August 3, 2020
Update on the Port's COVID-19 response
Gone are the days when a cruise ship in town was a novel sighting. Now, cruise ships have become an iconic part of the Seattle waterfront and a primary economic driver for Seattle. Since 2000, Seattle has grown to the #1 U.S. West Coast cruise port in number of passengers, with 19 different ships coming to port in the 2018 season. The rising tide of the Seattle cruise industry lifts all ships, hotels, airports, tourist destinations, and even local businesses, suppliers, and restaurants.
There are several reasons that Seattle has become the hub for Alaska cruising: the natural deep water port that can accommodate some of the largest vessels in the world, award-winning and world-class cruise facilities that can accommodate large groups of passengers, the cruise terminals’ spectacular settings, and easy access to Sea-Tac International Airport.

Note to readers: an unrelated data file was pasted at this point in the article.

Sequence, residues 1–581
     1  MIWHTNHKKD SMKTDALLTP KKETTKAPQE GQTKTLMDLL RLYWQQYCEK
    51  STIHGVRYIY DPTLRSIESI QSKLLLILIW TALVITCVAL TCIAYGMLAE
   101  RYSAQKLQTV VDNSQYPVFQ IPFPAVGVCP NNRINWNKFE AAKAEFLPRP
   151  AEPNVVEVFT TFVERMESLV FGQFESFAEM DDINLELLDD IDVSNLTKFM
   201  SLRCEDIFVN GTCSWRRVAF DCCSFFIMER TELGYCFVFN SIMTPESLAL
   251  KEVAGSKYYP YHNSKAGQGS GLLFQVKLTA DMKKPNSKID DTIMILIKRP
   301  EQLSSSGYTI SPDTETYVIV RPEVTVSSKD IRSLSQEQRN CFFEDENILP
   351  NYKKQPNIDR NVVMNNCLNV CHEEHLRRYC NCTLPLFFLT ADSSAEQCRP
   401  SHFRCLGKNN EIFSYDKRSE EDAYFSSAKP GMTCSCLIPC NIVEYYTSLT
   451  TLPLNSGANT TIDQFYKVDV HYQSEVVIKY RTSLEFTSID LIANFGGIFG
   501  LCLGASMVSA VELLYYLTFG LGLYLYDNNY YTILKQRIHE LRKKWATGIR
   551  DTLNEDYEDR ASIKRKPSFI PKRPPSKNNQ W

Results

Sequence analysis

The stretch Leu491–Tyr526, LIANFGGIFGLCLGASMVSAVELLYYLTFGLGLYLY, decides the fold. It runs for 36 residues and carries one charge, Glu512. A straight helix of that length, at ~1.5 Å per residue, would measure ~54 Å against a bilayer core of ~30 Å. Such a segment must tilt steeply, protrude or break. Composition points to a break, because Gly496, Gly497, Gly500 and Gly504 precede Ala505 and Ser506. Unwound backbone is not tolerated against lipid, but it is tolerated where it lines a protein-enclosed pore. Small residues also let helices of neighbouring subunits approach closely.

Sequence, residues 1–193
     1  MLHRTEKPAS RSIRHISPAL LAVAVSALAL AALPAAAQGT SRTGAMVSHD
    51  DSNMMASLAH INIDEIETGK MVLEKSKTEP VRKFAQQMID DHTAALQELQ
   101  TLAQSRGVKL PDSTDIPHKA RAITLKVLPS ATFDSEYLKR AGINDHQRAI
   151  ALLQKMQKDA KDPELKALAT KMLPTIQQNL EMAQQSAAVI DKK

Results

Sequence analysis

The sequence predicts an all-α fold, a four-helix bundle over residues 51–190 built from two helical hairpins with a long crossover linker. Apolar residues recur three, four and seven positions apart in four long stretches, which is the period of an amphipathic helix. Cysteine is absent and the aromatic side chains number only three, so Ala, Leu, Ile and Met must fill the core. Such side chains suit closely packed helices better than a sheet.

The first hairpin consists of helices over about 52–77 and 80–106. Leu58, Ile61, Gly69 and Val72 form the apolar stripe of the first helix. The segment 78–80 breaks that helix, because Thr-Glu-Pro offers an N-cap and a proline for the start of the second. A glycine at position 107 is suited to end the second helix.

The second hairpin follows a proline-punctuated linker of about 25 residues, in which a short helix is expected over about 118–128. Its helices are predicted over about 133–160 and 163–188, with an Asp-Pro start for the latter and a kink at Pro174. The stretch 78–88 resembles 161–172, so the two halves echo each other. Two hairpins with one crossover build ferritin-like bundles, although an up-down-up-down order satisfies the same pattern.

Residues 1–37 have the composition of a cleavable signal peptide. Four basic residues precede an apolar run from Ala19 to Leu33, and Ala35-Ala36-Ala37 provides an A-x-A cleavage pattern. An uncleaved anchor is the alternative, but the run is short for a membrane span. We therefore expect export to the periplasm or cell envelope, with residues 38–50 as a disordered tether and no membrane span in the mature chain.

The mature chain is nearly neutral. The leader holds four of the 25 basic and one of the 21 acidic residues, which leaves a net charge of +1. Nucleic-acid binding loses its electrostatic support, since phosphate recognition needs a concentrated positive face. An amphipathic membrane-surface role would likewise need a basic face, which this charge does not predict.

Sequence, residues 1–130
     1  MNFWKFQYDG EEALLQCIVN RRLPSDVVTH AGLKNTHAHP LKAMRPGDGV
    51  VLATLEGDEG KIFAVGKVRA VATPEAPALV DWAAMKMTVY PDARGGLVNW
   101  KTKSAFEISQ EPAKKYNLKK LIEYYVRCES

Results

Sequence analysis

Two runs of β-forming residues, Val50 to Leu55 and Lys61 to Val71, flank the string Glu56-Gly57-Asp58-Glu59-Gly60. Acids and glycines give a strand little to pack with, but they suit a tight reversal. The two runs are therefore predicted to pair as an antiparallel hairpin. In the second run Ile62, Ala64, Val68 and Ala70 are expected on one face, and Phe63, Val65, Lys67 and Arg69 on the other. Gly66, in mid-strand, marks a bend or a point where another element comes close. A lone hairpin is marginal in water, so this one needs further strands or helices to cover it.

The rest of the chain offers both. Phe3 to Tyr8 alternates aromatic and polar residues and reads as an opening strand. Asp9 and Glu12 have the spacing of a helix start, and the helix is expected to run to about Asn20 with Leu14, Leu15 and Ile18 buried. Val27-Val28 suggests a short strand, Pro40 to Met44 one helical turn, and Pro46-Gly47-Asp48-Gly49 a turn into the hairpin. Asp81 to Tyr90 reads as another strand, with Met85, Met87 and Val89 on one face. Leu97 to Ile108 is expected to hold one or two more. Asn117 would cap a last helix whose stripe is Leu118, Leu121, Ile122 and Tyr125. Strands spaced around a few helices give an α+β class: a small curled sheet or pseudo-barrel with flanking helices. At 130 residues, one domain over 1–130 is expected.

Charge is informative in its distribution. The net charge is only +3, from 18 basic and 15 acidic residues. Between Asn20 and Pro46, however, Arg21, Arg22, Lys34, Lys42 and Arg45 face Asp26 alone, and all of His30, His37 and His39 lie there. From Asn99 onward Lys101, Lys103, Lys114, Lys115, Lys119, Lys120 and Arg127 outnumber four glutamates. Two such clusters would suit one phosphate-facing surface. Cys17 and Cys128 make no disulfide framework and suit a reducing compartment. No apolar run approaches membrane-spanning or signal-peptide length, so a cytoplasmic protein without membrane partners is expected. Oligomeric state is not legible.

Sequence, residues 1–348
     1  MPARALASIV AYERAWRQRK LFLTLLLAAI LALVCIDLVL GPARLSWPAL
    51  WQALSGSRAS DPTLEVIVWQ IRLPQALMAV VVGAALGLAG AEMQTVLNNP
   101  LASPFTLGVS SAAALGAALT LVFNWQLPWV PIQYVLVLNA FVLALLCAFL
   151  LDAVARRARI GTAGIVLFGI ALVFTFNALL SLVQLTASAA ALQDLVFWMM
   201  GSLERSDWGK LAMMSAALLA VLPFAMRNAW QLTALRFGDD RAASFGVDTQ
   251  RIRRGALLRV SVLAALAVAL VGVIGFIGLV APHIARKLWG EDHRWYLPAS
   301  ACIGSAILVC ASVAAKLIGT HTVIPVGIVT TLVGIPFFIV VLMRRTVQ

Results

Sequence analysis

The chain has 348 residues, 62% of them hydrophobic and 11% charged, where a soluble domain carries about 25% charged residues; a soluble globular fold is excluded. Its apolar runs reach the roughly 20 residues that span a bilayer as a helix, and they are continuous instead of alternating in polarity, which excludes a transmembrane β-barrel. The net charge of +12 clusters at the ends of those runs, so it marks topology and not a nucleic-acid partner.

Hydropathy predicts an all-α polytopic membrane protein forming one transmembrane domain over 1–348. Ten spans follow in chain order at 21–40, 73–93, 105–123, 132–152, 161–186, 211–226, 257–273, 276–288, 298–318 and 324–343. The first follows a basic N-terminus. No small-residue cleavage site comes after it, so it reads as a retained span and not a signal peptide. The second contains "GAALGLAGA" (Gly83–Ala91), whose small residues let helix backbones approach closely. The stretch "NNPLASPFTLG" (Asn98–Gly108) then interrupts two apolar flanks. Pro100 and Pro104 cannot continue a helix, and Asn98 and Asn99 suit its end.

Here’s a quick timeline of how things have evolved in the Seattle cruise industry over the last 18 years:
2000 — First Cruise Ships
The cruise season brought 6,615 passengers to town with six vessels calling in port
2017 — 1 Million Passenger Record
Last year, Seattle set a new record of 1 million cruise passenger arrivals. To put that number in perspective, it equates to one-half the population of King County spending money at the airport, in hotels, and in local restaurants and retailers.
2018 — More Growth
This season is expected to bring 216 vessel calls and 1,100,600 estimated revenue passengers to the Port of Seattle cruise terminals.
This Week — The First Megaship
This week’s milestone brings the first of the new megaships to Seattle, the Norwegian Bliss with 4,000 passengers. She’s the largest cruise ship on the West Coast, is custom-built for Alaska cruising, and recently became the largest passenger vessel to transit the Panama Canal.
Here’s a snapshot of how cruise ships boost the Seattle economy:
August 3, 2020
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